Now the chief executive officer of the organisation, Srinath was awarded a three-year Synergos Fellowship in 2003 by Synergos, a non-profit dedicated to development of sustainable solutions to poverty. Srinath recently shared a platform in New York city with Liberian President Ellen Johnson-Sirleaf, Coca-Cola CEO E Neville Isdell and CNN founder Ted Turner.
She spoke to Special Correspondent Monika Joshi in New York.
Last year, CRY changed its name from Child Relief and You to Child Rights and You. How do you convey this rights-based approach to the people?
Essentially, the difference is in what you are asking people for. In the relief mode, you were only asking people for financial support. In the rights-based mode, you are asking, certainly, for that financial support but also for their active citizenship.
So you are asking them to look at child's rights when they decide whom to vote for in an election, or to get involved with, for example, the government school in their neighborhood and to ensure that it is functioning the way it is supposed to. And getting them to respond to send, say, petitions to the government, that advocate changes in policy and law.
The money is critical, but we need much more than it. We need you to be a pressure group for children as far as the State is concerned.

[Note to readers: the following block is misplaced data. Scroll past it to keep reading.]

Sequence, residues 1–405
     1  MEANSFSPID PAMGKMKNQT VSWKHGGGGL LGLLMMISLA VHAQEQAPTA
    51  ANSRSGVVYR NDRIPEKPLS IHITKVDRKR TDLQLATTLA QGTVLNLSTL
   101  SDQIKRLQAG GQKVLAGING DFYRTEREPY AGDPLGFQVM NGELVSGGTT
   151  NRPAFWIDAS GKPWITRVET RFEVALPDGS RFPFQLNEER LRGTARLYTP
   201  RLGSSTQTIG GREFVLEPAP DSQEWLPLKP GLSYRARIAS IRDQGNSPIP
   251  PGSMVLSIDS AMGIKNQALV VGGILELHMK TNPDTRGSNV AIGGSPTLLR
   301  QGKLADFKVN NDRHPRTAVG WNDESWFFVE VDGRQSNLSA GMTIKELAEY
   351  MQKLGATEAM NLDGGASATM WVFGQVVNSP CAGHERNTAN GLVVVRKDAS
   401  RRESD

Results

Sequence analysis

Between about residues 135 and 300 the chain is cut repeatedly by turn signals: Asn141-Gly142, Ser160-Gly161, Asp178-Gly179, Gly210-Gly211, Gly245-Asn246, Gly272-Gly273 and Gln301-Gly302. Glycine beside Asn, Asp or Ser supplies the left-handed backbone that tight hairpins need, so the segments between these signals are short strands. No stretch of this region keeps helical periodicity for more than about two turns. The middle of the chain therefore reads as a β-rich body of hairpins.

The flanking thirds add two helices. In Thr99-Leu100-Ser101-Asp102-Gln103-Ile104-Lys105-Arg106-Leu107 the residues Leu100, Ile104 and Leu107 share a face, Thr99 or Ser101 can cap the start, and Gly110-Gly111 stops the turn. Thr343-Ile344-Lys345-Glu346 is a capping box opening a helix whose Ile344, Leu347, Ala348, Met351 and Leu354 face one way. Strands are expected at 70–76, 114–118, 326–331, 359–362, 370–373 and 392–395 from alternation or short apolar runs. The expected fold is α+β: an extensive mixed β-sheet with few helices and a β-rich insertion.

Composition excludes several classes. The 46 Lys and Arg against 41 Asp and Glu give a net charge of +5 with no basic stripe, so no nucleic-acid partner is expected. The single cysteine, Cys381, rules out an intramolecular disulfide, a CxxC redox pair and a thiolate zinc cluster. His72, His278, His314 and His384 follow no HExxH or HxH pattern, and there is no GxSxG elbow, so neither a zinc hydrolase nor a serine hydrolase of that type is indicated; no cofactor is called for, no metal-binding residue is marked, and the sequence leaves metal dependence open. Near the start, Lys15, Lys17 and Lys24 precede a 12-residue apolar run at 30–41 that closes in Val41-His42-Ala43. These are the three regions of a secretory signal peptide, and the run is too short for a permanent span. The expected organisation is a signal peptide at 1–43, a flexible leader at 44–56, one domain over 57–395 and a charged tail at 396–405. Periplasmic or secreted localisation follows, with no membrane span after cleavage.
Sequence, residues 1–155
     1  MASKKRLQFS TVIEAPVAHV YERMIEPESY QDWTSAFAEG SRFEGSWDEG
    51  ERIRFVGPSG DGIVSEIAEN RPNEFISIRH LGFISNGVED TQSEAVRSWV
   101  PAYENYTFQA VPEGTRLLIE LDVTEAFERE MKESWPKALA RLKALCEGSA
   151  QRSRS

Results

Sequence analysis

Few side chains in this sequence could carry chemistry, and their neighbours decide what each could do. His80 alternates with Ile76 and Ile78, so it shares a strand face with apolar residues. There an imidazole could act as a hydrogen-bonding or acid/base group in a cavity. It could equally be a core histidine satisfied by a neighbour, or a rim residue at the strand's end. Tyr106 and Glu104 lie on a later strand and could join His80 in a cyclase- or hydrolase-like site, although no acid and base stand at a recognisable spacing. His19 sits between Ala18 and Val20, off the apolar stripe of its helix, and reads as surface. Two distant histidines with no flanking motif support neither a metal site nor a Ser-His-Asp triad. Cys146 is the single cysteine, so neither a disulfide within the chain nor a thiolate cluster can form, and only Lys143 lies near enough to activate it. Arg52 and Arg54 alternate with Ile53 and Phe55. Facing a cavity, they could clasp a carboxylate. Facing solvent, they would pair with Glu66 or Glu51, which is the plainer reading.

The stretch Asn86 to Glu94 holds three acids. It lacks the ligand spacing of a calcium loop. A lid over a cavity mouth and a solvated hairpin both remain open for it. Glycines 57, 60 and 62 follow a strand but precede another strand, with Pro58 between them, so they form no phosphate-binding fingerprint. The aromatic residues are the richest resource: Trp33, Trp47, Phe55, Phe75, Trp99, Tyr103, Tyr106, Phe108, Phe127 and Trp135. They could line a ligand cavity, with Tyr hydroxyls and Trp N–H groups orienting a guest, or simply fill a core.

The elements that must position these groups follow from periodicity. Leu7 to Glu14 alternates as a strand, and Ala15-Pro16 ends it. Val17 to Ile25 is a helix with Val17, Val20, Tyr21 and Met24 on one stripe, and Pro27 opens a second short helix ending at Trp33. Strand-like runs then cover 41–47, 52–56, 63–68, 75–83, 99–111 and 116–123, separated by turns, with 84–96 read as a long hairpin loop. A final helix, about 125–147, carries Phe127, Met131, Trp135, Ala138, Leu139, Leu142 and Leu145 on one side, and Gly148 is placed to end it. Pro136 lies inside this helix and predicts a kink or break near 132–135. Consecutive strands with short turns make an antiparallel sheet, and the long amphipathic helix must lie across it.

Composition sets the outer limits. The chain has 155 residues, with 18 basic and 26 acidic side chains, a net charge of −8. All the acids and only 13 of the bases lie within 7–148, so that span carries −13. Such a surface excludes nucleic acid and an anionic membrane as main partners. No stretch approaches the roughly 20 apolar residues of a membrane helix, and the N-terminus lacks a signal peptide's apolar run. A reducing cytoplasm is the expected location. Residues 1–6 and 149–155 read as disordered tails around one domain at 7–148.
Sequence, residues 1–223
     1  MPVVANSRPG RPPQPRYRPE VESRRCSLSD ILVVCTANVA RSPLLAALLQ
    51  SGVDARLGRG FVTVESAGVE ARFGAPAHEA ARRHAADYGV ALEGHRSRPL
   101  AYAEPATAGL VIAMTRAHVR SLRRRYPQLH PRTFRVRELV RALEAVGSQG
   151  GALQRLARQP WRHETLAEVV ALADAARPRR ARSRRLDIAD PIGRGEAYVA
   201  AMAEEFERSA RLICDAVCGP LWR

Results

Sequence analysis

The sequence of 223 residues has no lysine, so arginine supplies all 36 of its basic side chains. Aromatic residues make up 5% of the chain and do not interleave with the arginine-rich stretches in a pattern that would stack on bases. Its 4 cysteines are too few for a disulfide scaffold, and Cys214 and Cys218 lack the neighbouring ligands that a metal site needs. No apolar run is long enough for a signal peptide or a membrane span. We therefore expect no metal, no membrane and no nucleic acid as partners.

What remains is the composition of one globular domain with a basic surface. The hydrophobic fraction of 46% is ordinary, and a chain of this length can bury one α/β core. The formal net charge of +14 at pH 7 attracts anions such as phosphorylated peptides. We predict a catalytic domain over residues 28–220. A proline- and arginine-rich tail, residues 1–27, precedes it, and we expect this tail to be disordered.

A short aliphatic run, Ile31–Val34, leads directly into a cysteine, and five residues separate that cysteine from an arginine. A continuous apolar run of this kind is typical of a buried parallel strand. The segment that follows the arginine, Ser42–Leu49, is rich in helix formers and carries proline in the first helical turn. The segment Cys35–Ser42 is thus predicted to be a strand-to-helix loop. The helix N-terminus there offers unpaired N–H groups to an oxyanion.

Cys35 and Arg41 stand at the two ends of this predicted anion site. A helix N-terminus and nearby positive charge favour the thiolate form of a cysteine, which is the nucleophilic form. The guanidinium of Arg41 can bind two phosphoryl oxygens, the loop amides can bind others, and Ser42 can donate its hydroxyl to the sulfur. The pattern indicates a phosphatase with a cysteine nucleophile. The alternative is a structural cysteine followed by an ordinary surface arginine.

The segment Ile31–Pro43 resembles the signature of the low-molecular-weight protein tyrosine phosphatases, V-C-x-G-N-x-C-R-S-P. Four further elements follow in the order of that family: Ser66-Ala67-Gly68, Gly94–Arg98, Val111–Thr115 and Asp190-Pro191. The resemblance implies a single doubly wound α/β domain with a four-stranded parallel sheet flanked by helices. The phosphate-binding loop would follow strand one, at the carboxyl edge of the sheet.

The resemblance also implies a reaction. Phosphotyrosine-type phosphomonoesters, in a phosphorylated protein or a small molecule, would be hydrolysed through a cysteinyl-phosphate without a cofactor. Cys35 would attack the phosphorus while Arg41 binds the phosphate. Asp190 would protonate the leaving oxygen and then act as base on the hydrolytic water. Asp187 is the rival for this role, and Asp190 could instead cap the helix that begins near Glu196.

What inspired the change?
The learning over the 27 years that CRY has been in existence that the only sustainable change you can make is where you can -- 1. Have policies that are genuinely child-friendly and 2. That you can ensure that communities are mobilised to ensure that those policies are implemented.
Private philanthropy alone is not going to address the root causes of the problems. And it is certainly not going to be able to do it on the kind of scale that India's children need. Take all Mr (Bill) Gates's money and Mr (Warren) Buffet's money and put it together; you will still not have enough to get, say, 60 million children who are not in school back in school.
What have you done to drive home this message?
At the last parliamentary election, we ran a campaign across all our stakeholders -- donors, volunteers, children, and underprivileged communities where we got people to sign a manifesto for children, requesting politicians to include it in their election manifestos.
We had over a million petitions signed. It was also the first time you had multiple parties, including commitments like a minimum of 6 per cent of GDP on education, a minimum of 5 per cent of GDP on health -- some of the key elements in the manifesto that we asked people to sign.
We support, financially and otherwise, the National Alliance for the Fundamental Right to Education. It advocates for the fundamental right to education to be made a law. NAFRE was successful in terms of getting the Constitution amendment, but since then the government has failed to sign that into legislation, we continue to advocate for that legislation to be passed.
The other form is through media advocacy -- a constant editorial presence across all media, whether in terms of the child labour act or any policy or bill relating to children.
Last year, you had 17 projects in the United States, and one full-time employee...
We continue to fund about 17 projects, of which two are in the US. The US money in 2006 has gone mostly to Katrina relief programmes. We now have one additional employee, who is also based in Boston, focusing on foundations. Our revenues have increased. Last year we did about $700,000; this year we expect to close over a million (dollars).